A Double-Blind, 12-Week Study to Evaluate the Antiaging Efficacy of a Cream Containing the NFκB Inhibitor 4-Hexyl-1, 3-Phenylenediol and Ascorbic Acid-2 Glucoside in Adult Females
June 2016 | Volume 15 | Issue 6 | Original Article | 750 | Copyright © 2016
Romain Roure MS,a Virginie Nollent Pharm.D,a Liliane Dayan MD,b Etienne Camel Pharm.D,c
Christiane Bertin MSa
aJohnson & Johnson Santé Beauté France, Issy les Moulineaux, France
bIndependent Consultant Dermatologist, Paris, France
cI.E.C. France, Lyon, France
The 5 main physical manifestations of aged skin are wrinkles, uneven tone, brown spots, loss of elasticity, and dryness. One mechanism resulting in these physical manifestations is increased activity of the nuclear factor kappa B (NFκB) protein. This 12-week, double-blind, placebo-controlled, randomized split-face study compared the antiaging effect and safety of a face cream containing 4-Hexyl-1, 3-phenylenediol, an NFκB inhibitor, and ascorbic acid-2 glucoside versus placebo in adult females aged 45–70 years old. Subjects (n=42) applied active treatment or placebo to the same half face twice daily at home for 12 weeks. Clinical evaluation was carried out by a dermatologist. Subjects carried out similar self-grading assessments. Colorimetric measurements analyzed skin color, and biomechanical skin properties were evaluated. Clinical grading showed that most wrinkle parameters were significantly improved after 8 weeks of active treatment compared with baseline and placebo (P≤.05), with improvements maintained after 12 weeks. Only Marionette wrinkles did not show a significant improvement. Brown spots (color intensity/number), overall photodamage, and most complexion parameters improved significantly after 8 and 12 weeks compared with baseline and placebo (P≤.05). Self-grading yielded similar results compared with baseline. Self-grading did not demonstrate improvements with active treatment versus placebo, except for skin firmness at 8 and 12 weeks (P≤.05). A significant difference was seen with active treatment compared with placebo in all colorimetric parameters (L*, b*, and ITA°) after 8 weeks, and in spot coloration (b*) after 12 weeks (P<.05). Improvements in skin elasticity were not significantly different between treatments. Overall tolerability of active treatment was judged as good. In conclusion, a cream containing 4-Hexyl-1, 3-phenylenediol and ascorbic acid-2 glucoside improves the clinical appearance of aged skin, validating the potential use of NFκB inhibition as a novel, effective method of topical antiaging.
J Drugs Dermatol. 2016;15(6):750-758.
Purchase Original Article
Purchase a single fully formatted PDF of the original manuscript as it was published in the JDD.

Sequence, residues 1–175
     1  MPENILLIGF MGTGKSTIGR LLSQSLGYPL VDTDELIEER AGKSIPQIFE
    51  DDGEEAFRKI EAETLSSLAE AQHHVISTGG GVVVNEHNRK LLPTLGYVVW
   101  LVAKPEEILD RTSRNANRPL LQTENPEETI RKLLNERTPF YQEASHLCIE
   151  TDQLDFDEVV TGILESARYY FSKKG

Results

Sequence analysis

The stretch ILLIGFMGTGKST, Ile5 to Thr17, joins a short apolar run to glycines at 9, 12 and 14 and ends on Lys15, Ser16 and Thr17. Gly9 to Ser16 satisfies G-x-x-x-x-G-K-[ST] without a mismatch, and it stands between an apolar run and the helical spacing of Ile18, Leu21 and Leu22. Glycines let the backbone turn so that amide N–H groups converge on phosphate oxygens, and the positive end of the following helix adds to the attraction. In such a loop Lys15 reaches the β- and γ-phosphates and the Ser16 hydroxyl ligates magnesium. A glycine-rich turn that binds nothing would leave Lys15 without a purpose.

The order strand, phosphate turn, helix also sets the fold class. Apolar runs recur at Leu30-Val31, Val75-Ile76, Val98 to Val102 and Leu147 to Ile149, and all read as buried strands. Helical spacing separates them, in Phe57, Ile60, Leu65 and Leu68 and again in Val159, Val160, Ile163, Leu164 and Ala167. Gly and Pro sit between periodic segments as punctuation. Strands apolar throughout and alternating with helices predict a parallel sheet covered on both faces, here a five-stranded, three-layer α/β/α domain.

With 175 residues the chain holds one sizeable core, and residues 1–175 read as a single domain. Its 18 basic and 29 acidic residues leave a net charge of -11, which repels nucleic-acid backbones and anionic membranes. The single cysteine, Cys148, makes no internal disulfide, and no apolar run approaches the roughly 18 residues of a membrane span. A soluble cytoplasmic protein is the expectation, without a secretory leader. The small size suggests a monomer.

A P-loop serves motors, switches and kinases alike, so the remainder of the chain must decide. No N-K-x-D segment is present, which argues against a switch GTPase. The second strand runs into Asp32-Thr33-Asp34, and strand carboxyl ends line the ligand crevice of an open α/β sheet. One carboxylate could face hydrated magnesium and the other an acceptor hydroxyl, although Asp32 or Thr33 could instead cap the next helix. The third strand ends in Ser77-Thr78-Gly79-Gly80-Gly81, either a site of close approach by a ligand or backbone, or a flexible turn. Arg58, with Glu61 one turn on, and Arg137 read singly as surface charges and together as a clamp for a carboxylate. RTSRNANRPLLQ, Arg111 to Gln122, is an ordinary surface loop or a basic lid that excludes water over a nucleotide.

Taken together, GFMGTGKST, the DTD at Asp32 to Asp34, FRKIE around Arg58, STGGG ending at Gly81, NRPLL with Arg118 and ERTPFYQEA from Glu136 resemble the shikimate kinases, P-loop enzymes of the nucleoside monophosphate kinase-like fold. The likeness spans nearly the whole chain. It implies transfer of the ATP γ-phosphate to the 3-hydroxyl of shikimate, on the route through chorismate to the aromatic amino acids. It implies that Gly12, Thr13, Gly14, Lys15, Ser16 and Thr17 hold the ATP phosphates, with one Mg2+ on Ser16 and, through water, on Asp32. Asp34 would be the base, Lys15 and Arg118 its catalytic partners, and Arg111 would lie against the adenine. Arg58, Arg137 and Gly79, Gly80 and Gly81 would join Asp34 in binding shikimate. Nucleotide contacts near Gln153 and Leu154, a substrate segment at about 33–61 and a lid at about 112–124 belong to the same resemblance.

Download the original manuscript as it was published in the JDD.
Contact a member of the JDD Sales Team to request a quote or purchase bulk reprints, e-prints or international translation requests.
To get access to JDD's full-text articles and archives, upgrade here.
Save an unformatted copy of this article for on-screen viewing.
Print the full-text of article as it appears on the JDD site.→ proceed | ↑ close
Skin aging as a result of chronologic (intrinsic) aging and photodamage (extrinsic) is a complex process that causes a significant change in the appearance and texture of the skin.1 Chronologic aging is mainly associated with a decrease in collagen. This is due to reduced collagen synthesis and increased degradation via an increase in matrix metalloproteinase (MMP) expression, a decrease in the extracellular matrix, and a reduction in elastin.2 Photodamage as a result of continued exposure to ultraviolet radiation increases levels of MMP in the dermis and epidermis, which results in deterioration of collagen and elastin, as well as other components of the dermal extracellular matrix.3 Invisible flaws in the repaired dermal matrix, with repeated cycles of exposure to ultraviolet radiation, eventually result in visible changes to the skin.4 As a result of these physiological modifications of the skin structure that occur with aging, the 5 main physical manifestations of aged skin are wrinkles, uneven tone, brown spots, loss of elasticity, and dryness.5,6
One of the mechanisms resulting in the physical manifestations of aging is increased activity of the nuclear factor kappa B (NFκB) protein. NFκB is a redox-sensitive transcription factor that coordinates regulators of immunity, inflammation, development, cell proliferation, and survival.7 NFκB, when activated by ultraviolet radiation, stimulates neutrophil attraction, bringing neutrophil collagenase (MMP-8) to the irradiation site to further aggravate matrix degradation.8 In vitro inhibition of the NFκB pathway has been shown to reverse the downregulation of elastin and collagen expression caused by NFκB activation.9 For example, 4-Hexyl-1, 3-phenylenediol targets the NFκB pathway, slowing the aging process in the early stages and optimizing cell functions of renewal, regulation, and synthesis.10,11
The aging process, especially due to photodamage, is also believed to be at least partially because of the formation and activity of free radicals, also known as reactive oxygen species.12 The use of antioxidants is considered an effective